Tax time can be particularly confusing when you have pension or annuity income. The Internal Revenue Service (IRS) says that some or all of the amounts you receive from these sources can be taxable. How they're taxed depends on various factors. Fortunately, the IRS offers various tools for calculations.
- Taxation of pension or annuity income depends on whether you contributed to the plan with before-tax or after-tax dollars.
- Claiming a tax deduction for contributions makes them taxable upon withdrawal.
- Not claiming a tax deduction at the time you made the contribution makes the income tax-free upon distribution.
- You must calculate how taxes will be paid by using one of two methods, depending on the starting date of your plan: the general rule or the simplified method.
The Taxable Portion of Your Pensions and Annuities
The IRS says that your payments are partially taxable if you made your contributions to your pension or annuity with after-tax dollars. You won't pay tax on the portion of the payments that represent a return of the after-tax amount you paid in. These contributions represent your cost in the plan or investment. They include amounts that your employer might have contributed that were taxable to you as income at the time they were made.
Any contributions that you made with after-tax income, those for which you never took a tax deduction, aren't taxable to you at the time of distribution. These include contributions your employer made on your behalf but which were attributed to you as income, so you claimed them on your tax returns and paid taxes on the amounts when they were contributed.
The General Rule vs. the Simplified Method
You must determine the method by which the remaining amounts will be taxed. Partly taxable pensions and annuities are taxed under either the General Rule or the Simplified Method.
You must use the General Rule if your annuity or pension payments began on or before November 18, 1996. You can use the Simplified Method to pin down the taxable portion if your pension or annuity payments began after that date.
You're restricted to using the General Rule if the starting date of your annuity was between July 1, 1986, and November 18, 1996, and if you don't qualify to use the Simplified Method.
You must also use the General Rule if your starting date is after November 18, 1996, you were age 75 or older as of that date, and your payments were guaranteed for at least five years.
You're limited to using the General Rule if you've received payments from a nonqualified plan. A qualified retirement plan is a qualified employee plan, a qualified employee annuity, or a tax-sheltered annuity plan.
The General Rule
The General Rule requires that you use the life expectancy or actuarial tables provided by the IRS to figure the taxable and tax-free portions of your payments. They're included in IRS Publication 939, General Rule for Pensions and Annuities. The publication also walks you through the calculations for your taxable pension and annuity under the General Rule.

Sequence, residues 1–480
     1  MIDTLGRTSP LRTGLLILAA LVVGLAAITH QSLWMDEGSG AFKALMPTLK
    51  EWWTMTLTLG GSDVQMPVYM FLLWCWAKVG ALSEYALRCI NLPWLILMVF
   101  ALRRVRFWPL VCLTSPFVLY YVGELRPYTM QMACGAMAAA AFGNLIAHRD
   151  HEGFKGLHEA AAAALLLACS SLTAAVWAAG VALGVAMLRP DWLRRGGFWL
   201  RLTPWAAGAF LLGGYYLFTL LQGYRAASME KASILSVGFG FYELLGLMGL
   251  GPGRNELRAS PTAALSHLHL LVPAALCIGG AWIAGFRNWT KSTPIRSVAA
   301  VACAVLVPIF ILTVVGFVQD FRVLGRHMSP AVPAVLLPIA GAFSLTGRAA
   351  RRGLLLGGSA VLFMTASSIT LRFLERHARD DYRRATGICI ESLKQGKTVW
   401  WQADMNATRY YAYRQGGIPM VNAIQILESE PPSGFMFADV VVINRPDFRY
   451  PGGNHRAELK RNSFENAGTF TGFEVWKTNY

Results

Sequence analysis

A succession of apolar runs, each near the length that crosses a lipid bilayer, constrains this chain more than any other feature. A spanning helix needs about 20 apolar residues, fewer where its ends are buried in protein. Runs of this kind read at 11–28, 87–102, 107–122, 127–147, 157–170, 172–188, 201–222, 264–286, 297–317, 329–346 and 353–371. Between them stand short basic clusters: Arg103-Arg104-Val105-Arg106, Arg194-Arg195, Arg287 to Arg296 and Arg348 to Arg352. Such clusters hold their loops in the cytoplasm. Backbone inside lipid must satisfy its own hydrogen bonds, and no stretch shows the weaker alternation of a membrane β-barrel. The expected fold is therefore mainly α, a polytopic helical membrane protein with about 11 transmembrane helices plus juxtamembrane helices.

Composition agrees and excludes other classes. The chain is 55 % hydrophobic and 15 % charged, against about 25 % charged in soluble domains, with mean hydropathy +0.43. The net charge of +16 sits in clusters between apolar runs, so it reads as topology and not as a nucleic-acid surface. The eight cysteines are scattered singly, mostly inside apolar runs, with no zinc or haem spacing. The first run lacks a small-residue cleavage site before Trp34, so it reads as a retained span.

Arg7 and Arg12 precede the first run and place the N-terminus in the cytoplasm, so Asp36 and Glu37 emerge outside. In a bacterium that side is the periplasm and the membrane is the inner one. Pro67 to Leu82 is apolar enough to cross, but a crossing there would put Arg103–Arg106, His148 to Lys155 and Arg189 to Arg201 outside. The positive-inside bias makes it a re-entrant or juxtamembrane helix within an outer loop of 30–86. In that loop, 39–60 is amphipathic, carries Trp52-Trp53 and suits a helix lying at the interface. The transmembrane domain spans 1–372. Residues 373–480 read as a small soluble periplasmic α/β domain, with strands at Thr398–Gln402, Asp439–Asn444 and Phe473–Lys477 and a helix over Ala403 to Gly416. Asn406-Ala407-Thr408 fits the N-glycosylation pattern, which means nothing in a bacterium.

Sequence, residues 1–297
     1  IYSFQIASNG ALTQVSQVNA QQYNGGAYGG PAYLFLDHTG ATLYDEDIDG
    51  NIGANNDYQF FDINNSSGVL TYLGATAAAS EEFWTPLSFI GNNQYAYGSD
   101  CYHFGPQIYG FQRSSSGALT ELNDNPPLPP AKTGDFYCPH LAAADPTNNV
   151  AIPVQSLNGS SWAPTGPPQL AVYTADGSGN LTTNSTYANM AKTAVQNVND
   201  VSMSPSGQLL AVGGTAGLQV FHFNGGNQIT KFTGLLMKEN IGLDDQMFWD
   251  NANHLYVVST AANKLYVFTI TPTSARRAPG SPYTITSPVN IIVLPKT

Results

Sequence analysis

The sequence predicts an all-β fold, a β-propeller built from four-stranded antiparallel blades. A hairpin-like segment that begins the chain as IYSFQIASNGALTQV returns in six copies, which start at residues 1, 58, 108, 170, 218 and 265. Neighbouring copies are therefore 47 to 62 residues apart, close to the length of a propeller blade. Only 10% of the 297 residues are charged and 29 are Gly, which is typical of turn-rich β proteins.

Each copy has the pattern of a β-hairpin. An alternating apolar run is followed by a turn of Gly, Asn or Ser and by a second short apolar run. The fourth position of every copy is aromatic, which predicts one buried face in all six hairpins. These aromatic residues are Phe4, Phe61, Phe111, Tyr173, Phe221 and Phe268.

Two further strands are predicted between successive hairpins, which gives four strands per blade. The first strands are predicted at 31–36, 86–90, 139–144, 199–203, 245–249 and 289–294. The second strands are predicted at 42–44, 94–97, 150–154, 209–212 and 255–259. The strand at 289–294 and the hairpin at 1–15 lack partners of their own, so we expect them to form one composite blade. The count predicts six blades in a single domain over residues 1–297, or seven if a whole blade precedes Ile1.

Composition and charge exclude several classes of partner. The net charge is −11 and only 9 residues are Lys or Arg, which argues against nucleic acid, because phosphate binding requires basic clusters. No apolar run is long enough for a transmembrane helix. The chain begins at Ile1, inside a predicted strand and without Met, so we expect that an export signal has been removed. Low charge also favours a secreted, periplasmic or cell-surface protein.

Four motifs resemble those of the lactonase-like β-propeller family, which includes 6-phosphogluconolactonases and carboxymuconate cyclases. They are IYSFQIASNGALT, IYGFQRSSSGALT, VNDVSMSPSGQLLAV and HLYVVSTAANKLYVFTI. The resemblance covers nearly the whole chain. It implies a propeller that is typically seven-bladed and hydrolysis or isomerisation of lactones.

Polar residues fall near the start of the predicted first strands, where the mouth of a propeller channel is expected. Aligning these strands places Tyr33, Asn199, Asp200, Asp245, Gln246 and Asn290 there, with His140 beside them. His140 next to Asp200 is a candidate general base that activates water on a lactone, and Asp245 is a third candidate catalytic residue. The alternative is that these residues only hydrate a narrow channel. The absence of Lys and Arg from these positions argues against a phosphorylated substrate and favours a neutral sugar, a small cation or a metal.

The IRS will calculate your taxable pension income under the General Rule for you for a nominal fee if you don't want to risk making a mistake.
The easiest, safest option might be to consult a tax professional or have the IRS make these calculations for you.
The Simplified Method
The IRS says you can use the Simplified Method to determine how much of your annuity or pension payments is taxable and how much is tax-free if the starting date of payments was after November 18, 1996. The IRS provides a Simplified Method Worksheet to help you along.
How to Report Pension and Annuity Income
Separate any 1099-R statements you receive into two piles: those from your IRA and those from your pension or annuity plans. You'll report your IRA distributions on lines 4a and 4b of the 2021 Form 1040. Report your pension and annuity distributions on lines 5a and 5b. The 5a column is for your total distributions. The 5b column segregates the taxable amount.
These lines may differ on tax returns on an annual basis. The IRS has revised Form 1040 a number of times since 2017. The appropriate lines can change by tax year. These lines apply to the 2021 tax return you'll file in 2022.
Frequently Asked Questions (FAQs)
What is a pension?
A pension is an employer-sponsored retirement plan. The employer contributes to a pool of money that's paid out to eligible retired employees. Employees can contribute as well to some plans. The pension payout is determined by your pay at the time you retired and your years of service.
What is an annuity?
An annuity is a type of insurance. You pay a premium to an insurance company, and you receive a guaranteed income for the rest of your life. An annuity can be immediate, which means your premium is converted into income right away, or deferred, which means it can be converted into income later. The funds in deferred annuities can earn a fixed interest rate or follow an index, or they can be invested.